Adjust Your Horse Stretches to Make Progress
By Jec A. Ballou
The disappointing news of fitness is that we cannot keep repeating the same thing to get results. After a while, we need to modify exercises in order to keep gaining conditioning adaptations from them. Otherwise, the body becomes so efficient and habituated at performing movements that it recruits fewer muscle fibres to do them and operates with less involvement from the nervous system. Movements become robotic, a state in which no conditioning gains occur.
The good news is that horses are sensitive creatures, and it does not require complexity to add novelty to their routines. This becomes particularly worth considering for exercises that are most beneficial when practiced frequently, such as baited stabilization exercises often fondly called carrot stretches.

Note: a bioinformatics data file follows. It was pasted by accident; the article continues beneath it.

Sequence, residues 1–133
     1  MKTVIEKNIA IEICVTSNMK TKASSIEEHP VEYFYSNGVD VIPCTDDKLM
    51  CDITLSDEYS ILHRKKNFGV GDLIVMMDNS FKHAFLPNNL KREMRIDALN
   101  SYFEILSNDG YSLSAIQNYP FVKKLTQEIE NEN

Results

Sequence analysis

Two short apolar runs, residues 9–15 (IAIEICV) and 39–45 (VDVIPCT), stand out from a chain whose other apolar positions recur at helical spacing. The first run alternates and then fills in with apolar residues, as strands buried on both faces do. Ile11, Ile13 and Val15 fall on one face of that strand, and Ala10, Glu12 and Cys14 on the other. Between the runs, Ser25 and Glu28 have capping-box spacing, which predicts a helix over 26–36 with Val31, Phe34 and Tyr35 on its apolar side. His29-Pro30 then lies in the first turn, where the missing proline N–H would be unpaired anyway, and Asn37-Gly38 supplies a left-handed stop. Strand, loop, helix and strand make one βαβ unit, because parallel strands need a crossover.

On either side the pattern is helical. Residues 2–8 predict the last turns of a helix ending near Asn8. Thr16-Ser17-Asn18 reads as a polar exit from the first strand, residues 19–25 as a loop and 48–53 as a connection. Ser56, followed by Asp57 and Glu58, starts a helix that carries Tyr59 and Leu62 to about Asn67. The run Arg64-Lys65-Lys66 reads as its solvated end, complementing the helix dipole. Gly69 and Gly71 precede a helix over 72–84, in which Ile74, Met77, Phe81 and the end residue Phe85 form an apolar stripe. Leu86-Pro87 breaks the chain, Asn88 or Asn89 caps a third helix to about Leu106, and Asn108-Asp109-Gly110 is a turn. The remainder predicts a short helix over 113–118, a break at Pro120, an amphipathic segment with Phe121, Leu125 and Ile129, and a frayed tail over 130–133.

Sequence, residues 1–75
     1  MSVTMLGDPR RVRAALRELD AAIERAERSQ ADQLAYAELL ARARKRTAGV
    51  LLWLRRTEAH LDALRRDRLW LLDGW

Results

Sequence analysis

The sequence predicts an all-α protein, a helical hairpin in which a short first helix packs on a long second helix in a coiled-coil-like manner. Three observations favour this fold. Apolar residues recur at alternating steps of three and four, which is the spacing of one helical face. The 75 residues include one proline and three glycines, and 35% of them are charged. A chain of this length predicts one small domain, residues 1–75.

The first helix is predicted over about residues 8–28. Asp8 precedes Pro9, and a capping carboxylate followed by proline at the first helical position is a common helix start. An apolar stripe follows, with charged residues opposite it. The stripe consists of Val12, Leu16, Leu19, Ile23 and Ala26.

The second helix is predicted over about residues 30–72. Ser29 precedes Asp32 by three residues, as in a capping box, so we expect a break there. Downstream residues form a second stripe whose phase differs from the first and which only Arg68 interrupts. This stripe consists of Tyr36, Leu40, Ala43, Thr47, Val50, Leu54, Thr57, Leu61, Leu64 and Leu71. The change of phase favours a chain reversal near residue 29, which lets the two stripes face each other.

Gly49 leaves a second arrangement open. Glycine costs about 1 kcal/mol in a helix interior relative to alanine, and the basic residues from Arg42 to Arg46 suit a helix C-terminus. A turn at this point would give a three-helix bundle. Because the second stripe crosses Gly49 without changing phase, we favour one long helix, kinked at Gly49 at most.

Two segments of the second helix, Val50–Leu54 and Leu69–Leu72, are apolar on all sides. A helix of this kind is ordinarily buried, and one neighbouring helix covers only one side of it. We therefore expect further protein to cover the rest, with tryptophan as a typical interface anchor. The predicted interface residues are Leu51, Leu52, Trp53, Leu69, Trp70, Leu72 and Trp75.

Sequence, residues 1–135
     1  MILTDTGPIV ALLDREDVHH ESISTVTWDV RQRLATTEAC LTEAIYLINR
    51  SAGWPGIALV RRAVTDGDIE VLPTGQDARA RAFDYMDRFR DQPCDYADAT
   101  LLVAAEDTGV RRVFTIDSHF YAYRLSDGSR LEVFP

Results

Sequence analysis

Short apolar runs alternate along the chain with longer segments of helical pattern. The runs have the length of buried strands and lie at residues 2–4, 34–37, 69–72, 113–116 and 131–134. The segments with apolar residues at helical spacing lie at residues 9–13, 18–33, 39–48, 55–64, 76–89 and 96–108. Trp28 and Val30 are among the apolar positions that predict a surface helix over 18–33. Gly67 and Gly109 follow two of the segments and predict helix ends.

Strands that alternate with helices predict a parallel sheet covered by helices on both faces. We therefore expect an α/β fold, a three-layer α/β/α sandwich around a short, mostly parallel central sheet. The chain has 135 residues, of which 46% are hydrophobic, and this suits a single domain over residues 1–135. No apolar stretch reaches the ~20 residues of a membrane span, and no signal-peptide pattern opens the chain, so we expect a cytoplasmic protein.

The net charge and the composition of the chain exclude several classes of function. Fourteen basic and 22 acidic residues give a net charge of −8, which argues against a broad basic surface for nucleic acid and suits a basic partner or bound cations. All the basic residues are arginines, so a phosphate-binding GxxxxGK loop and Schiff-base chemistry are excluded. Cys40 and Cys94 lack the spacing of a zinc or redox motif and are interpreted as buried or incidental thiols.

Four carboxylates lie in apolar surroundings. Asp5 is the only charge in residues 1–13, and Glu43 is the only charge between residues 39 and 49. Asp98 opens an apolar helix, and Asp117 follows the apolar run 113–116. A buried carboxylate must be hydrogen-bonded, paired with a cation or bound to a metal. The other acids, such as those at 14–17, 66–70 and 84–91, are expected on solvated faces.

First, let’s review what these movements accomplish and then discuss how to keep them working for us once they have initially helped. Several years ago, researchers studied carefully controlled groups of horses that received no other exercise for 16 weeks beyond baited stabilization maneuvres daily for three times per day. At the end of the study period, the horses’ deep spinal muscles had increased in size and strength by 20 percent. This finding gave compelling evidence to the efficacy of these simple moves for both rehab and performance horses alike. Their benefit comes from strength building rather than from making the horse highly stretchy as their name might imply.
In the study, horses were asked to stand still while following a bait (usually a piece of carrot) with their noses to different positions that required them to activate their core for balance. These included reaching around laterally towards their flanks and hind feet, down between their knees, chest, and forefeet, and extending their necks up towards the sky.